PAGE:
The stolen moments of an icon...

“Climb up the H of the Hollywood sign, in these stolen moments the world is mine,” proclaims Lana Del Rey in the opening lyrics of the title track of her new album ‘Lust For Life’. She seems to openly pay tribute to the Hollywood glamour and sparkle of her words, a motif inherent in her lyrics.

Style and sophistication have always been found at the heart of everything Lana Del Rey has done, her aesthetic carefully crafted within an inch of its beautiful life and her vocals echo this trademark elegance. Yet beneath this perfect surface lies her lyrical power, evolving on each new album to tell a fresh story.

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Love. Power. Money. Drugs. Fame. Life. Death. Seductive tropes of red dresses and scarlet lips. Her lyrics are artful, electric and paint the picture of a world way beyond our reach: “I'm your National Anthem, God, you're so handsome / Take me to the Hamptons, Bugatti Veyron…”

From her very persona of ‘Lana Del Rey’, Elizabeth Grant has always wanted to create something beautiful, and this much has been obvious since her breakthrough. However, the simplicity of ‘Video Games’ pushed past this, allowing the pained lyrics to speak for themselves. ‘Blue Jeans’ adopted a more powerful stance, sexy and sensual by design and bold enough to carry the now-iconic lyric “You’re so fresh to death and sick as ca-cancer”.

Ever since, Lana Del Rey’s lyrics have become a sort of hidden poetry, often overshadowed by the different musical direction each album takes; whether that’s the goose bump-inducing orchestral opening of ‘Born To Die’ or the feature-focused nature of her most recent releases from ‘Lust For Life’.

Just as the progression from ‘Born To Die’ to ‘Ultraviolence’ can be heard instrumentally - as it becomes more electronic and guitar driven - her lyrics evolved too, becoming heavier and more introspective. This development is not only natural but expected, and as we anticipate the release of ‘Lust For Life’ we ask ourselves whether these high-profile collaborations will compromise or add to her lyricism at all.

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The beauty of her lyrics is, after all, part of what captured us when ‘Born To Die’ was released. Lana Del Rey showed us that not only could she be dramatically poetic, but also playful, occasionally surprising us by juxtaposing her lyrics against the sweeping instrumentals. They can be witty, blunt or harsh, and make you trip over them in the flow of her songs as a result.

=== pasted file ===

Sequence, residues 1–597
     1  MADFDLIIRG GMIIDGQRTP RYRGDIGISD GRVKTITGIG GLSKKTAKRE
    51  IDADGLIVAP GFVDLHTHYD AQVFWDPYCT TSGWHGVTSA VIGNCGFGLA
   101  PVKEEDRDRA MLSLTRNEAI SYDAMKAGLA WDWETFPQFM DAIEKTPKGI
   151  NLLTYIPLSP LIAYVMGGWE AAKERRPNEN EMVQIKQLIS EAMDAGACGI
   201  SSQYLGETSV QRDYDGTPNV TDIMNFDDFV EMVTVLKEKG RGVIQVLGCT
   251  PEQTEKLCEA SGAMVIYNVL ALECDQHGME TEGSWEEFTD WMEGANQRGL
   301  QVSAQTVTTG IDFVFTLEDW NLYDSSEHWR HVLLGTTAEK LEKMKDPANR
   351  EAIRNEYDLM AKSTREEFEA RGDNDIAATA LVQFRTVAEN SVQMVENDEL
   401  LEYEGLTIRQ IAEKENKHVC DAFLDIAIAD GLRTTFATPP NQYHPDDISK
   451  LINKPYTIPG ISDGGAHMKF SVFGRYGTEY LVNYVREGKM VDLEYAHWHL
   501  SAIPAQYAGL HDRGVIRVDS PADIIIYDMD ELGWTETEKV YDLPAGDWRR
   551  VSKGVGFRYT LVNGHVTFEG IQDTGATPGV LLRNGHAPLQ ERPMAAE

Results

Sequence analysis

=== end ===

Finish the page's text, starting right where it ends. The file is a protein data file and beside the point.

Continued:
It is all too easy to get caught up in the ethereal dream-like trance of her vocals, and these lyrics work in pulling you out, a technique she continued to use on ‘Honeymoon’. “The truth is that I never bought into your bullshit”, she sings on ‘High By The Beach’, this honesty working as jarring break from the track’s soothing rhythm.

Despite this playfulness, each of her albums is tainted with a tone of sadness similar to that with which we often associate written literary poetry. This is where we find much of the appeal of her lyricism; wildly romanticised, beautiful yet bitter. We picture her as a tortured artist, often defensive in the face of being hurt and it is on this level that so many fans identify with her.

‘Pretty When You Cry’ is the epitome of this: raw, personal and vulnerable, letting the poetry of her lyricism communicates her feelings. Despite that damaged, glamourous world seeming beyond our reach, the vulnerability and anxiousness of some of her lyrics allow us to identify with her on a human level. We see beneath the production and aesthetic that her lyricism is embedded so perfectly within.

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On her newest releases the vocals are as sensual and lingering as ever, winding themselves as tightly around every “baby” as they did before. Her lyrics hang on to the nostalgia that Lana Del Rey has become so famed for, but once again are contrasted against the modernity of her new collaborators. Take for example A$AP Rocky’s feature on ‘Summer Bummer’: “Her sophistication make you wanna quit the bitch you dating...”

The beat on the track feels distinctly unlike the Lana Del Rey we knew before, but it works. It works just as well as we expect the Stevie Nicks feature on album track ‘Beautiful People Beautiful Problems’ will work, because isn’t that just the most Lana Del Rey thing you’ve ever heard?

Once more she takes a step in a new direction with a new album, this time feeling more contemporary than ever. Lana Del Rey has always been lyrically reflective of the world around her, and with ‘Lust For Life’ we are left expecting to hear a twist on the classic sound we already know without stepping too far from the familiar.

Notably, she is pictured smiling on this album cover for the first time, perhaps indicating that ‘Lust For Life’ might indicate the start of a new lyrical era after all.

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'Lust For Life' will be released on July 21st.

Words: Katie Pilbeam

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